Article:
JRB: I got about two paragraphs into that piece, the central thesis of which seems to be “Things are different now!” Art has to be put into its historical context, or else you’re doing half a job. In 1989, school shootings were an abstraction so it felt like real satire. Also it’s important to note that nobody in the film actually commits suicide. Even JD is probably gonna die, bomb or not. Is it flippant? Of course. Does it capture something very true about how stressful and draining high school can be for everyone, even the popular girls? Definitely.

RB: You dabbled a bit before settling on a career in acting/comedy. What drew you to this life? What were some of your favorite detours on your way to knowing what you wanted to do?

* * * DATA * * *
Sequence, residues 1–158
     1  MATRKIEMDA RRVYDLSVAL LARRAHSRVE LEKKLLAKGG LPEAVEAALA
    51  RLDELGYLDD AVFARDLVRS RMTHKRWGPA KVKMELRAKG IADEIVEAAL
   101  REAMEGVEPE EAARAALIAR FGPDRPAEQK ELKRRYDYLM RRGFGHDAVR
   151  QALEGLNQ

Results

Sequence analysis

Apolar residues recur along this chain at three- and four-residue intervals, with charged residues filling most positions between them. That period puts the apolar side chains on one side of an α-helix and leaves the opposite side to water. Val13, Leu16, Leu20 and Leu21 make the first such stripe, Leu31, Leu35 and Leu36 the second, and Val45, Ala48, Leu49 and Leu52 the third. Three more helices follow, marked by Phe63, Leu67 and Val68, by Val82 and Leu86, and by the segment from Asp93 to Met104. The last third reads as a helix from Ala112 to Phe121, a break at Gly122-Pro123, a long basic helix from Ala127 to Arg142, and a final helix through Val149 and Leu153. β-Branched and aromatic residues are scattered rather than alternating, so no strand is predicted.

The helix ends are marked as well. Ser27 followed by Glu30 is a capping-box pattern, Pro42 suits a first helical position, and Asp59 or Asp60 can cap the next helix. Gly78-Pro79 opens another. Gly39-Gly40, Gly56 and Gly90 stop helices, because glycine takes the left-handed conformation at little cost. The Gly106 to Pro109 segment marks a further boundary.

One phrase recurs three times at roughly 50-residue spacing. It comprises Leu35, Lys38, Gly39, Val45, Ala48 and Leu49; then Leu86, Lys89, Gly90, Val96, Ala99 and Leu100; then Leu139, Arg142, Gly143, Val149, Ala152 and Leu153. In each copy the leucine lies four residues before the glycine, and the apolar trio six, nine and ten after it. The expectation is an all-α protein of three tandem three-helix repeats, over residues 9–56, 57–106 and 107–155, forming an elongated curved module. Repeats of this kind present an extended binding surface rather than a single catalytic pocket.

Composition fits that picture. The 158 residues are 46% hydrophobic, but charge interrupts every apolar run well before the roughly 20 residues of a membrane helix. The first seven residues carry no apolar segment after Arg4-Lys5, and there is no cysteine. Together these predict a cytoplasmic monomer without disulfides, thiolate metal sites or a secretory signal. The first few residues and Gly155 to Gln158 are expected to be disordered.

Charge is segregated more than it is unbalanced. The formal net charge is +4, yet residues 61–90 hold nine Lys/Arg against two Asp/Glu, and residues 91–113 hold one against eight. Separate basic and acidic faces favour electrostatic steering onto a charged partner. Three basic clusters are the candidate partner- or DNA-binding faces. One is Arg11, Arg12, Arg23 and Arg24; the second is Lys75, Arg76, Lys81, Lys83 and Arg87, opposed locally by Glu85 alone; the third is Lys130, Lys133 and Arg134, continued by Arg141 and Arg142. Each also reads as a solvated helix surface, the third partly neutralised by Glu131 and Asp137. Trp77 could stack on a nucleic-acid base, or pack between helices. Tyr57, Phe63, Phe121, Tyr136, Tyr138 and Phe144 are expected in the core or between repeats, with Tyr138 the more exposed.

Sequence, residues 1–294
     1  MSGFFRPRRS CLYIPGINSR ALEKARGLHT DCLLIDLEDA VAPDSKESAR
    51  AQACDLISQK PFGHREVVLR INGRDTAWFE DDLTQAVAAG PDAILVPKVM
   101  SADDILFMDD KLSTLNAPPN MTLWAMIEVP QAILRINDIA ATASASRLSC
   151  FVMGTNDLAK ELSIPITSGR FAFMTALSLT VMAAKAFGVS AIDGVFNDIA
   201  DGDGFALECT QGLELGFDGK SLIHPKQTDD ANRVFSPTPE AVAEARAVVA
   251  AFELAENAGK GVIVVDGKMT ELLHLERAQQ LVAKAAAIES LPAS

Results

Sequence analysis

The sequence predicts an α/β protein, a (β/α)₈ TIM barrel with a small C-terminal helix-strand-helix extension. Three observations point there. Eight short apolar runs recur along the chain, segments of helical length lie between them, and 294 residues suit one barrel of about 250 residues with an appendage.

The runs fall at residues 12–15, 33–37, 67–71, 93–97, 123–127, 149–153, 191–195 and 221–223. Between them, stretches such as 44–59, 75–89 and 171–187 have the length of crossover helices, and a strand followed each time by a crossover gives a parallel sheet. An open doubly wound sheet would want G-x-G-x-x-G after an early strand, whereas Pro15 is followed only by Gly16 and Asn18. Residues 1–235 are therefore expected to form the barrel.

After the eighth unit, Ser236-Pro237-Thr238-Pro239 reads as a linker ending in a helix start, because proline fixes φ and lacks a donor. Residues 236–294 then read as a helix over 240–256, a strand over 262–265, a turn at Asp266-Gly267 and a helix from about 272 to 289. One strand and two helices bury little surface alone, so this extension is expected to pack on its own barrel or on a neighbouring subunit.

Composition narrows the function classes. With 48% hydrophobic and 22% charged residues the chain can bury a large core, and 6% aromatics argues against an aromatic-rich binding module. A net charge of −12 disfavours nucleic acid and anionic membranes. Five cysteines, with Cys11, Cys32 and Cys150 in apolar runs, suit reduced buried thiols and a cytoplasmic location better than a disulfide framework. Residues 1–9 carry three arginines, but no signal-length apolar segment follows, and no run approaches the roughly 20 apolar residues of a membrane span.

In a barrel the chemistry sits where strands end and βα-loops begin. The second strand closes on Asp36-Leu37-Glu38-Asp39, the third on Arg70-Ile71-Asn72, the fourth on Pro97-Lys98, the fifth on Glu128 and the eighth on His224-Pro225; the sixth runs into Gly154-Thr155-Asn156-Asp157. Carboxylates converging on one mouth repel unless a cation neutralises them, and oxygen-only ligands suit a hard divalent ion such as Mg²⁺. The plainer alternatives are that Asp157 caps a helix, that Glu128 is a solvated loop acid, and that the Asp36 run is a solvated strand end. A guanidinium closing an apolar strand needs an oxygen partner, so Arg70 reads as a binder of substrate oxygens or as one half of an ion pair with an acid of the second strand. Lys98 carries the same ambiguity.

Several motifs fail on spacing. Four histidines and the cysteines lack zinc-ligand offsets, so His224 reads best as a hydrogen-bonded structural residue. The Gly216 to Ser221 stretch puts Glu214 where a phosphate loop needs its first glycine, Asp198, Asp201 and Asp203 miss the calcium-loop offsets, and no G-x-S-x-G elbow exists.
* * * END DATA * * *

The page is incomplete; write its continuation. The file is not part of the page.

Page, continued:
JRB: Well, I was in a punk band for a couple years, which was a time/money suck and also incredibly fun and fascinating. I met some people with whom I’m still very close and learned a lot about making my own opportunities. We pressed our own 7 inches, we silk screened our own t-shirts, we booked our own tours. There was a wonderful self-reliance to our tier of punk rock, and I’ve tried to hang on to that over the years.

RB: What are some of your career highlights?
JRB: I’ve been really lucky. My very first film role was in Road Trip, where I did a scene with Fred Ward, who was in Tremors with Kevin Bacon. My first movie and I have a Kevin Bacon number of 1. That’s a good start. Since then, I’ve made a decent living and worked with some heroes (Diane Keaton, John Cleese, George Segal, etc). I’ve also done a couple of pretty forgettable shows, but you learn a lot doing those as well. Even my lowlights are highlights, in a way.